Pen cap inhalation is a real danger, albeit a rare one, especially for primary school kids. A 2012 study [PDF] reported that pen caps account for somewhere between 3 and 8 percent of “foreign body aspiration,” the official term for inhaling something you’re not supposed to. Another study found that of 1280 kids (ages 6 to 14) treated between 1997 and 2007 for foreign body inhalation in Beijing, 34 had inhaled pen caps.

But the standards help keep kids alive. In that Beijing study, none of the 34 kids died, and the caps were successfully removed by doctors. That wasn’t always the case. In the UK, nine children asphyxiated due to swallowing pen caps between 1970 and 1984. After the UK adopted the international standard for air holes in pen caps, the number of deaths dropped precipitously [PDF]. Unfortunately, it’s not foolproof; in 2007, a 13-year-old in the UK died after accidentally swallowing his pen cap.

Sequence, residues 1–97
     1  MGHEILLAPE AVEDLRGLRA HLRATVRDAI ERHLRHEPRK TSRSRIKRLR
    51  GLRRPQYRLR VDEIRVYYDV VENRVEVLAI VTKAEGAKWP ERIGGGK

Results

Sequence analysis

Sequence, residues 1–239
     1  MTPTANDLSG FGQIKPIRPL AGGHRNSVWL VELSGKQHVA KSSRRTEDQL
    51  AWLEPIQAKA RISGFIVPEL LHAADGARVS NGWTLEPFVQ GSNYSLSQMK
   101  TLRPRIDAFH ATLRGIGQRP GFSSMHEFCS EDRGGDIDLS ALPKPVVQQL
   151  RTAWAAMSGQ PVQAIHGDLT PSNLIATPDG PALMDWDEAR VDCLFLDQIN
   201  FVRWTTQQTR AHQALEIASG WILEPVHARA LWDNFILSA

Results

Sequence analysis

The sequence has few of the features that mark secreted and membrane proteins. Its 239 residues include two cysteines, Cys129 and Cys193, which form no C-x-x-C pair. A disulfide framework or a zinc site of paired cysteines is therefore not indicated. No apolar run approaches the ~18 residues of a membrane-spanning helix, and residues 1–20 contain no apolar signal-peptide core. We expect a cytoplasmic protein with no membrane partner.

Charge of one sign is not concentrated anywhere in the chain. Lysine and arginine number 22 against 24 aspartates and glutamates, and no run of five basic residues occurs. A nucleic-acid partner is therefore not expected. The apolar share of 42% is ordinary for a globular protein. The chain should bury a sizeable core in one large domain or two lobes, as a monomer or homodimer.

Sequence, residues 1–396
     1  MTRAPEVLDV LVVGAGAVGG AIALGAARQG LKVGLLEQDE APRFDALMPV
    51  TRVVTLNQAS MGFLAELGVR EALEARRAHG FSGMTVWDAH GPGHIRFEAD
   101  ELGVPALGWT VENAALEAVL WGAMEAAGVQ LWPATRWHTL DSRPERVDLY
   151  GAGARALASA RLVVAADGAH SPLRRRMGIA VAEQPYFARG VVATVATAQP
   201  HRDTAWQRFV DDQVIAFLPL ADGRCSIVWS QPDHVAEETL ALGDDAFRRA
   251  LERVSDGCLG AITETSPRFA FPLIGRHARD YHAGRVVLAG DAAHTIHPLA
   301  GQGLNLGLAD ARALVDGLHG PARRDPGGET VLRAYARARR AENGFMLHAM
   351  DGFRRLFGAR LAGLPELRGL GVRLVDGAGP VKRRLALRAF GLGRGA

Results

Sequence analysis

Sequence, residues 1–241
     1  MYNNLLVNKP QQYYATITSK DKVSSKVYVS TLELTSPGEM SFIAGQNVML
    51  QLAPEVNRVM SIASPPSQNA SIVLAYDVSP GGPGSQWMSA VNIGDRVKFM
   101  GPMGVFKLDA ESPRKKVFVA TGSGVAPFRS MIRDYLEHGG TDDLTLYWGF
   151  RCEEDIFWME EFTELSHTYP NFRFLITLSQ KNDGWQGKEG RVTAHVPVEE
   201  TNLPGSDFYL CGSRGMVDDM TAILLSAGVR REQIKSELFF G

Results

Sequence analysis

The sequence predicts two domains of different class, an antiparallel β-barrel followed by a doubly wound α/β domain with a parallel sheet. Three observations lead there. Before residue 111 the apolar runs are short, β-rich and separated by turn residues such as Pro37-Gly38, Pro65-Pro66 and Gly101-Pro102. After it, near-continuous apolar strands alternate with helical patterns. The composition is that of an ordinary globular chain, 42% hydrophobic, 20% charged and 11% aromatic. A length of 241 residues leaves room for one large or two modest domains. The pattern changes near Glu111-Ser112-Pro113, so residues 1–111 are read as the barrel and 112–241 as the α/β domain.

Even if you can still breathe through that little air hole, getting a smooth plastic pen cap out of your throat is no easy task for doctors. The graspers they normally use to take foreign bodies out of airways don’t always work, as that 2012 case report found, and hospitals sometimes have to employ different tools to get the stubbornly slippery caps out (in that study, they used a catheter that could work through the hole in the cap, then inflated a small balloon at the end of the catheter to pull the cap out). The procedure doesn’t exactly sound pleasant. So maybe resist the urge to put your pen cap in your mouth.

[h/t Science Alert]

Carnivorous Hammerhead Flatworms Are Invading France